A little over 20 years since the massacre at Colorado's Columbine High School claimed 13 lives and injured another 21, public school officials in the district are said to be considering a plan that would see the school getting demolished and another one getting constructed in its place.
According to CNN, Jason Glass, the superintendent of Jefferson County public schools, announced the plan in a letter addressed to Columbine staff, students, parents, and members of the surrounding Denver suburb of Littleton, explaining many still expressed a "morbid fascination" with the school.
"The tragedy at Columbine High School in 1999 serves as a point of origin for this contagion of school shootings," Glass wrote. "School shooters refer to and study the Columbine shooting as a macabre source of inspiration and motivation."
Indeed, in an examination of 12 major shootings in the US in the following eight years after Columbine, it was found that in eight the shooters "made explicit reference to [Eric] Harris and [Dylan] Klebold," the perpetrators of the 1999 incident. And its influence has been felt long since as well.
It was around the time of the 20th anniversary that an 18-year-old Florida woman was the subject of an extensive manhunt by law enforcement officials after she threatened to reenact the events of the Columbine massacre. She shot herself to death before she was caught.
In 2010, a similar incident saw 29-year-old twin sisters from Australia travel all the way to Colorado and attempt to kill themselves in a gun range as part of a suicide pact. One of them survived and among their belongings, police found a photocopy of a news magazine cover depicting the Columbine killers and their victims.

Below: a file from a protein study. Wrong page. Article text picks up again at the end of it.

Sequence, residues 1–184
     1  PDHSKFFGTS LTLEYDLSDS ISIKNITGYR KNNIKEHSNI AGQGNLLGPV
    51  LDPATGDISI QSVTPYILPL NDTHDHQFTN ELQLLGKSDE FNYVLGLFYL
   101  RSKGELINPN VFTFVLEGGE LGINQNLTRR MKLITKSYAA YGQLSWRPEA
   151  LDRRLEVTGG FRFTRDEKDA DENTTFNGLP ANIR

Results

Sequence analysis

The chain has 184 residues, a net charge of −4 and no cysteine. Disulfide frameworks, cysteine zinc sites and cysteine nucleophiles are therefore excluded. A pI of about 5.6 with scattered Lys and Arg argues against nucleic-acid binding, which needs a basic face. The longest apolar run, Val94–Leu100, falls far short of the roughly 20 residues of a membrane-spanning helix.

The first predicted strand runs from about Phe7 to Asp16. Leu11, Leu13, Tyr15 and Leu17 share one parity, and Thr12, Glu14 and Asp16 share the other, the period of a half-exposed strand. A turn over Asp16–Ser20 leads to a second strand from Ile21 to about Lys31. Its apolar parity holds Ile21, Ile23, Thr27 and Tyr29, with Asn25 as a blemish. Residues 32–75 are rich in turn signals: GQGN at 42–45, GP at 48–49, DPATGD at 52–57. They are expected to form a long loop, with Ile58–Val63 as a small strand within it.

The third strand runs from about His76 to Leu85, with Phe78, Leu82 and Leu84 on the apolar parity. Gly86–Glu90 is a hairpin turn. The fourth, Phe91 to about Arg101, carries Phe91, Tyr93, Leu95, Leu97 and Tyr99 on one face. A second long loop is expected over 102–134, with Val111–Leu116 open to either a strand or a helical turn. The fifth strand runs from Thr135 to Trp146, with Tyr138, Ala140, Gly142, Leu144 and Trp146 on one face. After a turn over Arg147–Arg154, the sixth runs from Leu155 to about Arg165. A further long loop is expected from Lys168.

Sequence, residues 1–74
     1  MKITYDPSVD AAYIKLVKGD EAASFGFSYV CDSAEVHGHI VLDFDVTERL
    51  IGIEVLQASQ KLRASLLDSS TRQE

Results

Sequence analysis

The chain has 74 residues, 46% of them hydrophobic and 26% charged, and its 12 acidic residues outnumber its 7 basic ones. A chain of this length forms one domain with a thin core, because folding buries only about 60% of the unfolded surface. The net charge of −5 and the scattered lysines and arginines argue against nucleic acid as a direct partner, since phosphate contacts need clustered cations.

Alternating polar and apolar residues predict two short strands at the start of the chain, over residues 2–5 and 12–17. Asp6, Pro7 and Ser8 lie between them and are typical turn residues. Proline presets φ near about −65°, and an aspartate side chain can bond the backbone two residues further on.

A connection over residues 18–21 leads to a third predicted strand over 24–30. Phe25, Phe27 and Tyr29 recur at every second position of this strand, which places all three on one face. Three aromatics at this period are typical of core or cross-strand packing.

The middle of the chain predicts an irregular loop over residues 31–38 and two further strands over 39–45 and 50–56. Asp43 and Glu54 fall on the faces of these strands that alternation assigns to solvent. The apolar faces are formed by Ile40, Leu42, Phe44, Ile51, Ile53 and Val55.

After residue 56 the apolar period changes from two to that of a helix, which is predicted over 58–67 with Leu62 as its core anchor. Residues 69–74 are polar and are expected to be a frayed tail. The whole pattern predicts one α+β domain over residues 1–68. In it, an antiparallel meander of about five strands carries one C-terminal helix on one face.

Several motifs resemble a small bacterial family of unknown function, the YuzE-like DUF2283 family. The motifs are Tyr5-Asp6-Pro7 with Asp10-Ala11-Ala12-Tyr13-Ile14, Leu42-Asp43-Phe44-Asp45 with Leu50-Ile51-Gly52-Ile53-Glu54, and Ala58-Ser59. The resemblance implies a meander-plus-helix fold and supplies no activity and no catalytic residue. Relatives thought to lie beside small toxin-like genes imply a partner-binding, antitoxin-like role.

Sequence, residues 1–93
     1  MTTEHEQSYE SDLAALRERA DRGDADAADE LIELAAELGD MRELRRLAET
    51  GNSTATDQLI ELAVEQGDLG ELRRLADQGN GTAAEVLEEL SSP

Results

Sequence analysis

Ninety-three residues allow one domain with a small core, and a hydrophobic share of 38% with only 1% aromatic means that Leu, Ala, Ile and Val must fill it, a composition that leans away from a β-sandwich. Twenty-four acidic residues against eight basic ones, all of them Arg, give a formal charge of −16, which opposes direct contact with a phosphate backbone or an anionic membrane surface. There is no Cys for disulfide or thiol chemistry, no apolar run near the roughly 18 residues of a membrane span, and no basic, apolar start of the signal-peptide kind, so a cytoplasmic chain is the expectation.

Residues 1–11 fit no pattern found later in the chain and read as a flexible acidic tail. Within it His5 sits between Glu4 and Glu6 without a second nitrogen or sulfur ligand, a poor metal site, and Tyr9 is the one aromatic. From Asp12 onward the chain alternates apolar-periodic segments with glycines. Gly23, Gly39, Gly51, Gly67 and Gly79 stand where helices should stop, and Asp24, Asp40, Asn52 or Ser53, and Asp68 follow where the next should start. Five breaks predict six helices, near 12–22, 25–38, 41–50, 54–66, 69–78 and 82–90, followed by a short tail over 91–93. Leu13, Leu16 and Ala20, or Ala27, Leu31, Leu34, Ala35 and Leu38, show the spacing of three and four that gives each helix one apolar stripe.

In an investigation, it was determined that "at least 17 attacks and another 36 alleged plots or serious threats against schools since the assault on Columbine High School can be tied to the 1999 massacre."
"Since the morbid fascination with Columbine has been increasing over the years, rather than dissipating, we believe it is time for our community to consider this option for the existing Columbine building," Glass explained, adding that a record number of individuals had tried to enter the school illegally or trespass on the property this year.
Glass' proposal calls for placing a bond measure seeking $60 million to $70 million on a future ballot to pay for the demolition of the existing school and the construction of a new one to replace it just west of the current site.
The new school would still be called Columbine High School to honor the "pride and spirit the community has with the name," and the school mascot and the colors would similarly remain unchanged. The 64-year-old Frank DeAngelis, who was the principal of the school at the time, has expressed his support for the plan. "Twenty years ago, we never imagined that there would be people so infatuated with this tragedy years later," he said ."Maybe moving the physical plant would alleviate some of the issues."